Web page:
There are more aesthetic reasons not to be so absolutist: not everything animal-related is harmful to animals. Milk, for example. Even though it’s not especially healthy in large quantities, it doesn’t hurt the cow to drink it. Same thing with eggs, or honey. The point isn’t to argue for vegetarianism, but to say that flexibility in a vegan diet means that we can be sure that the occasional treat of milk and eggs can from well-treated, free-range, organic animals that have not been made to suffer. Even eating meat, on occasion, may be acceptable if we take Michael Pollan’s point that there’s more to food than nutrition. Food is intrinsically tied to culture, to socializing, to enjoying the good life. I happen to enjoy sushi – forget beef and chicken – and like indulging in a good Japanese meal on special occasions. I don't necessarily see a problem when this is the exception and not the rule, although this does play fast and loose with the actual rule.

So this brings me to the rationale behind “baseline” veganism. Baseline, because the vegan diet serves as the, well, baseline for eating on a day to day basis (as opposed to vegetarianism, which allows animal-derived food as part of the diet). But a baseline is just that; a starting point. A guideline from which it is okay to deviate on occasion. A baseline vegan, or bVegan, is someone who adheres to veganism while allowing for limited compromises and deviations.

Or, a bVegan is a vegan who isn’t propped upright by a stick up the ass.

what is baseline veganism? part 1

When it comes to food, whether eating out with friends or partaking in the product lunch presentation at work, the fact that I am vegan inevitably creates a bit of a problem. Not so much in a logistical sense, although of course there’s an issue there, but more in terms of labels. While I consider myself essentially vegan, I don’t think the word “vegan” as commonly understood is an accurate label. Reason the first; too many vegans have an insufferable self-righteous attitude, and I’m insufferably self-righteous as it is that I don’t need any more encouragement. I’m talking about folks who refer to people who eat meat as corpse-eaters, for example. I’m talking about PETA, who are otherwise commendable in their efforts for securing humane treatment for animals. Reason the second: the word “vegan” does connote an absolute stance – absolutely no meat, no animal products, never-ever – and I don’t think this is either philosophically justified or realistic in terms of living life.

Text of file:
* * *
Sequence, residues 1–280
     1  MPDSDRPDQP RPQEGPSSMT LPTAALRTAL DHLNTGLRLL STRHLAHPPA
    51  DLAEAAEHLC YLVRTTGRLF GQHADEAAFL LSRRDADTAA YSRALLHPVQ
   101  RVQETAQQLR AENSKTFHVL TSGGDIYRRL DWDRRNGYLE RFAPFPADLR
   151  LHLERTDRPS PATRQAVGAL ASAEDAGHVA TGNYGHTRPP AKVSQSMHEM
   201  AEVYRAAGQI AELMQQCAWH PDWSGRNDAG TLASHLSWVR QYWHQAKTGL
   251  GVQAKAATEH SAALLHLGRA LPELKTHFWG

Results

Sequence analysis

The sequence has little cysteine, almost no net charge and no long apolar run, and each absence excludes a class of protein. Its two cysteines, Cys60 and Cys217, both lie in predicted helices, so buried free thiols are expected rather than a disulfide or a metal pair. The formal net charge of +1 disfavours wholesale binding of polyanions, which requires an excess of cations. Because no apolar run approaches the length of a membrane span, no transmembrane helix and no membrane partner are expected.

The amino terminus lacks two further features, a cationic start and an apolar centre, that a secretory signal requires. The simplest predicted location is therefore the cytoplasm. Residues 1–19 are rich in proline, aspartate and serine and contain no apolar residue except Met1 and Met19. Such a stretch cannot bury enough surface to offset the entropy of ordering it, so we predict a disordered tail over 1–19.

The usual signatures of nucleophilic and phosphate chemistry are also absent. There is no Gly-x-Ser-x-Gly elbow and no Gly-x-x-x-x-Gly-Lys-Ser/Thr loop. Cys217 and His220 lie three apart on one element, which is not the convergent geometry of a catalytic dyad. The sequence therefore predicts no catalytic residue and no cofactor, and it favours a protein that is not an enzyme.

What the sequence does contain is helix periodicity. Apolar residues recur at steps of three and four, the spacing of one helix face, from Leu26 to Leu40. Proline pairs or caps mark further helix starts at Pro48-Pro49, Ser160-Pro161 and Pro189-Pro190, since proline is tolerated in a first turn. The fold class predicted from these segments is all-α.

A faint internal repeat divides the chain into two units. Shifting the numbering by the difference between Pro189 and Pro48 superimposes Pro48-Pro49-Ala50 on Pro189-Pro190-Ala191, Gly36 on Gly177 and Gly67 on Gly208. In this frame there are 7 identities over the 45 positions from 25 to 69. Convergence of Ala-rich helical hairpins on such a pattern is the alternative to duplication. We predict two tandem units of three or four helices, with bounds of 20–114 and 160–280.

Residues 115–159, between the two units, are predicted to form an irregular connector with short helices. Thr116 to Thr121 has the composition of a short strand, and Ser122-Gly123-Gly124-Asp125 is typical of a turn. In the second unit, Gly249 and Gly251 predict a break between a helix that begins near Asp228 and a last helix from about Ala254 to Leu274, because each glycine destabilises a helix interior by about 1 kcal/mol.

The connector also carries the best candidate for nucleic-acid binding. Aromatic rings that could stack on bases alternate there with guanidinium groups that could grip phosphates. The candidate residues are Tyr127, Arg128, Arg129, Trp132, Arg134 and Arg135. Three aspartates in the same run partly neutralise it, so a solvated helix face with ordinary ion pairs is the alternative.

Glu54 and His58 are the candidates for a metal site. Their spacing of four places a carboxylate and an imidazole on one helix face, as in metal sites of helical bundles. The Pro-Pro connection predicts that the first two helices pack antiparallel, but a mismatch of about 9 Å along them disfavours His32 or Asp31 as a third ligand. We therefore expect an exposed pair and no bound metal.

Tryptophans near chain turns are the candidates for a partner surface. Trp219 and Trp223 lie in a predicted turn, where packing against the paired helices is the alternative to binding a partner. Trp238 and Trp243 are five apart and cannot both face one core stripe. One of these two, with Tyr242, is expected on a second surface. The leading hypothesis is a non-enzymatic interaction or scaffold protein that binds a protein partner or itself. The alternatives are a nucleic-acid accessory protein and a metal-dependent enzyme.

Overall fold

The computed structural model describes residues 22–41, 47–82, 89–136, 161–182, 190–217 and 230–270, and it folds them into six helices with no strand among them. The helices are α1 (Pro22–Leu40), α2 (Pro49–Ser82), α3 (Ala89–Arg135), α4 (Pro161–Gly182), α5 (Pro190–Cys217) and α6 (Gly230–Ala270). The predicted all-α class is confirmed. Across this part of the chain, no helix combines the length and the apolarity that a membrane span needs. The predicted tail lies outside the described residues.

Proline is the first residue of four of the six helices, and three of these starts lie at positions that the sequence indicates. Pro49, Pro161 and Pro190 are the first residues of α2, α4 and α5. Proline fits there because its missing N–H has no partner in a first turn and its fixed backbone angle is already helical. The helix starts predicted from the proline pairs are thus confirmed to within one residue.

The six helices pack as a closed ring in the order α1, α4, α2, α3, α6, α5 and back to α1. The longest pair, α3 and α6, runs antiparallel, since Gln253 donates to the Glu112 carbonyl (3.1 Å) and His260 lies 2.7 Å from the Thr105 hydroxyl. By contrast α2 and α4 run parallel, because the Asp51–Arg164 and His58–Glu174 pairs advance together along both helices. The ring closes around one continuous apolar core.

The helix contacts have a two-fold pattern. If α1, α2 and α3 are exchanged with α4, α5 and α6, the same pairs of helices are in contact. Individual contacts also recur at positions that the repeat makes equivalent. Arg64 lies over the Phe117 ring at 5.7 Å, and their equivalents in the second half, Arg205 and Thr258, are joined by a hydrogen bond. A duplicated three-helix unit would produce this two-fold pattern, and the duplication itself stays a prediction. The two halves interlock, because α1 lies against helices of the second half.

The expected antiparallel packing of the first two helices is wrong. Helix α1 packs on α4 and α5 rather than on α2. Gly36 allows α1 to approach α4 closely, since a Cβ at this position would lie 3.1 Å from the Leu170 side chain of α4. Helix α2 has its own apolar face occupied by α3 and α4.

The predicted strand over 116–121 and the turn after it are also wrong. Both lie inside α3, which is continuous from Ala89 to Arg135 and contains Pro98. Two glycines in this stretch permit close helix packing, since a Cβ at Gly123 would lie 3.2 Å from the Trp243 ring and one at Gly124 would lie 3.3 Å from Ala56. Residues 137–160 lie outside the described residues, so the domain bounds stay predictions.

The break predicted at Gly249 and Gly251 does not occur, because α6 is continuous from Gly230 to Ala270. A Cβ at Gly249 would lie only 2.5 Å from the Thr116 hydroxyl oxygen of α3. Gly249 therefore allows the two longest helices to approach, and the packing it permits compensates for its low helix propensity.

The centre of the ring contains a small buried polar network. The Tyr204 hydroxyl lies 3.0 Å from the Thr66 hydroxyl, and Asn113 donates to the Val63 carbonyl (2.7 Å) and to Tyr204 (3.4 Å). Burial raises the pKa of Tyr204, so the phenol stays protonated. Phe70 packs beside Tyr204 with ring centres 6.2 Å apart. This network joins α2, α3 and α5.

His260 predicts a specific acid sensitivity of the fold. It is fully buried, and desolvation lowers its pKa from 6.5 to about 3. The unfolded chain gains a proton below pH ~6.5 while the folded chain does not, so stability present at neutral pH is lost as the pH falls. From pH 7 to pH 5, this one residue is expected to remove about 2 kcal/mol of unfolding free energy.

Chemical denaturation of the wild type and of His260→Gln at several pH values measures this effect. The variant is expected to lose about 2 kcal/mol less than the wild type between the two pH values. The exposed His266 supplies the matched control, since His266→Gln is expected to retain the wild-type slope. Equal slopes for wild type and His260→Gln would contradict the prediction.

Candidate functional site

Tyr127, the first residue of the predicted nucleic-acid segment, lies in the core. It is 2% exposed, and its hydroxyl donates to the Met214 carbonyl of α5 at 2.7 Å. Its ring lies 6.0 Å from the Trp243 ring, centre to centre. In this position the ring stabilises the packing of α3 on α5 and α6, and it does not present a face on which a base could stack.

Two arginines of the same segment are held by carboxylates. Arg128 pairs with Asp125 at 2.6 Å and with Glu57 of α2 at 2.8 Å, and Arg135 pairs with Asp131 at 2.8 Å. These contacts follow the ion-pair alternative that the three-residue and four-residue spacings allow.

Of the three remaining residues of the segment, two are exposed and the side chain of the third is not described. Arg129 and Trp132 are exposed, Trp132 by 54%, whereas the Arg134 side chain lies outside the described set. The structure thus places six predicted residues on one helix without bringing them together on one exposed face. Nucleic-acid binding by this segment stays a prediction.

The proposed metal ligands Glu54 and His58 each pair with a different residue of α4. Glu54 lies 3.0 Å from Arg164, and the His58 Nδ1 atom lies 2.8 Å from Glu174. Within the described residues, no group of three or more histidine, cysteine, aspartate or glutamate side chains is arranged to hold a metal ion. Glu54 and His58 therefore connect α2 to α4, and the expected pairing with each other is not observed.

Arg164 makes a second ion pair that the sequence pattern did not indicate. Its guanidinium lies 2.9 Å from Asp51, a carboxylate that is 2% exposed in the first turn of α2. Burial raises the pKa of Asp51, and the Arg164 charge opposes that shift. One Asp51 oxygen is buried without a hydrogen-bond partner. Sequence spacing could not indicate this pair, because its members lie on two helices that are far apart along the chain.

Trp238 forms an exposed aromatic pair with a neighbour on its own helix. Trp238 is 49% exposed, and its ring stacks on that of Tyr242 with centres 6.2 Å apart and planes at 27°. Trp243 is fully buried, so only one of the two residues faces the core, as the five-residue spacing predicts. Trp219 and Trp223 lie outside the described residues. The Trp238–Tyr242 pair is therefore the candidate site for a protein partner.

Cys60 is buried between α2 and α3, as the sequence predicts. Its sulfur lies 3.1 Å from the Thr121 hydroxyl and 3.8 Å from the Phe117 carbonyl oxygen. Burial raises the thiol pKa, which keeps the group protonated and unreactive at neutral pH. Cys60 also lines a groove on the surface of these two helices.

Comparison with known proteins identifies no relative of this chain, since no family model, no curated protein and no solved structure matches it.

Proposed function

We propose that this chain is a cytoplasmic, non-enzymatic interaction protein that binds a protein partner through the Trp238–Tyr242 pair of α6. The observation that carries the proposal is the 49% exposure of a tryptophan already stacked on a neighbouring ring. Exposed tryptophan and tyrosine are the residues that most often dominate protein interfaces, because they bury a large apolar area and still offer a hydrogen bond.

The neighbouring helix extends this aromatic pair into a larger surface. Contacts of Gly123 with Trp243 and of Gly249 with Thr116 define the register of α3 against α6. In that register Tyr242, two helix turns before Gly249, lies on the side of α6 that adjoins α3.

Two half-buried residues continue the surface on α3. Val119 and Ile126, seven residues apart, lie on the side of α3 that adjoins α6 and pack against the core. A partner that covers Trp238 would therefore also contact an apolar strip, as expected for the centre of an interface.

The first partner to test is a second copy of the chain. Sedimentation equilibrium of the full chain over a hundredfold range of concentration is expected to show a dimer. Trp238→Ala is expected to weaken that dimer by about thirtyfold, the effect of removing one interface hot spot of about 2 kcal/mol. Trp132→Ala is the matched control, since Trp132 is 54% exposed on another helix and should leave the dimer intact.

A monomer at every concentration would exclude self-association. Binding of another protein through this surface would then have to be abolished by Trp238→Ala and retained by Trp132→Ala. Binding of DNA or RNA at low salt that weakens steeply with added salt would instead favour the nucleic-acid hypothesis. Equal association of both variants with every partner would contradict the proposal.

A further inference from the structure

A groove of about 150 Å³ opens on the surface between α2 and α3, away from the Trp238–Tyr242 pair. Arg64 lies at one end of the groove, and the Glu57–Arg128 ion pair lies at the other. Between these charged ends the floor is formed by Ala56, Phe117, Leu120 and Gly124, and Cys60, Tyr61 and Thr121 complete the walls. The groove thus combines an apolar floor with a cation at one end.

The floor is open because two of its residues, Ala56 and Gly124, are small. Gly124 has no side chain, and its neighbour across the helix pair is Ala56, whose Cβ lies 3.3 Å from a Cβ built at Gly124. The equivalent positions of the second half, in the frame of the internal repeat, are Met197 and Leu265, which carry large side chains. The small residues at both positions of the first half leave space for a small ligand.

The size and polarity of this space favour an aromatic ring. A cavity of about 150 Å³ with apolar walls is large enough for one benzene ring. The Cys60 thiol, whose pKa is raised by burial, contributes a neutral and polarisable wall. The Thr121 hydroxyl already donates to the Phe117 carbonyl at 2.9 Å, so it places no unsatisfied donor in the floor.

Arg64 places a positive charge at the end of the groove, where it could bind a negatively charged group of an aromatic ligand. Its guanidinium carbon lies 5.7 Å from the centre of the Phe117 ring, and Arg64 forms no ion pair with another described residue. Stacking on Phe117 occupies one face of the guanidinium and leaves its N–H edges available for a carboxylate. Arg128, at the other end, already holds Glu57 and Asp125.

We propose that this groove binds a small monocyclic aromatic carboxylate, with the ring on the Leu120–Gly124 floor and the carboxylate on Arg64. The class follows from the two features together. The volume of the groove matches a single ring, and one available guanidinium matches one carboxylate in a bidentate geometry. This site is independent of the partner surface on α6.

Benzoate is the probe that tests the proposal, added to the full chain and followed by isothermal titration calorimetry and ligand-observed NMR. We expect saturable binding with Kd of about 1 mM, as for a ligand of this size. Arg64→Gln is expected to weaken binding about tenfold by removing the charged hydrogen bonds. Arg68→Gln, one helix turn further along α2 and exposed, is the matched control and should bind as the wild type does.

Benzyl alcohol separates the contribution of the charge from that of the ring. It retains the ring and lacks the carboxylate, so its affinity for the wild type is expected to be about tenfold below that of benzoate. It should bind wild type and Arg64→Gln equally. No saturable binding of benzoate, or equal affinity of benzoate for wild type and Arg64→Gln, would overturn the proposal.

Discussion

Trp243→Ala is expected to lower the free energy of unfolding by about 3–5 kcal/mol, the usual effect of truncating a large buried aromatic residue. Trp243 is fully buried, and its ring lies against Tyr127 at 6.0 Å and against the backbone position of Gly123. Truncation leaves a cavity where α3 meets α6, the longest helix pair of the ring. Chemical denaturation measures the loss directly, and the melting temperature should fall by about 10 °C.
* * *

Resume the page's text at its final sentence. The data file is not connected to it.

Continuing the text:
I’ve resorted to using pragmatic vegan or non-absolute vegan as alternatives, but these are just weasel words, as Wikipedia might put it. After working the ol’ neurons for a long time, I’ve settled on the term “baseline vegan” to label my nutritional stance. Before explaining it, though, I’d like to get on the soapbox and answer the question, “why vegan?” The short answer is predicated on the principle of avoiding or minimizing death and suffering:
  1. It’s healthier for us.
  2. It’s good for animals.
  3. It’s good for the planet.
Nutritionally, it’s Dr. McDougall’s books that persuaded me of the science behind nutrition, along with stuff I’ve read by Michael Pollan (In Defense of Food) and others. Basically, to be healthy and reduce incidence of diseases like cancer, diabetes, what have you, it’s best to avoid processed food and “edible food-like products” and just eat food. Good ol’ natural food, straight from the planet – veggies, fruits, and grains – chock-full of vitamins and nutrients. But it’s also that excess meat and dairy, with high fat, underlies many diseases associated with the Western diet.

Beyond nutrition, the huge planetary population entails a large-scale meat industry, which comes with barbaric practices like debeaking, close confinement, electrocution deaths, and other abuses. I once rationalized these industrial processes as necessary for feeding a large population, but I can’t accept that anymore. Animals are sentient - to varying degrees, of course, but sentient nonetheless. They may not be “human,” but they feel pain; there’s more to animals than we think. To be consistent with acting with compassion, it’s necessary to treat animals humanely, with empathy - not just humans. Not eating meat means not treating animals with cruelty.

Then there’s the planet. The meat industry is one of the biggest producers of greenhouse gas that contribute to global warming. Yes, you can say cow farts – the methane of livestock is a greenhouse gas. Between that and the fertilizers, land use, transportation, and so on, the meat industry as it is now is bad for the environment. Other points of contention is how much grain goes to feed cattle (seven pounds of corn to one pound of beef, for example) when it could instead to feeling people directly. The excess consumption of meat, fast-food and otherwise, impacts not only the environment, but the quality of our human civilization.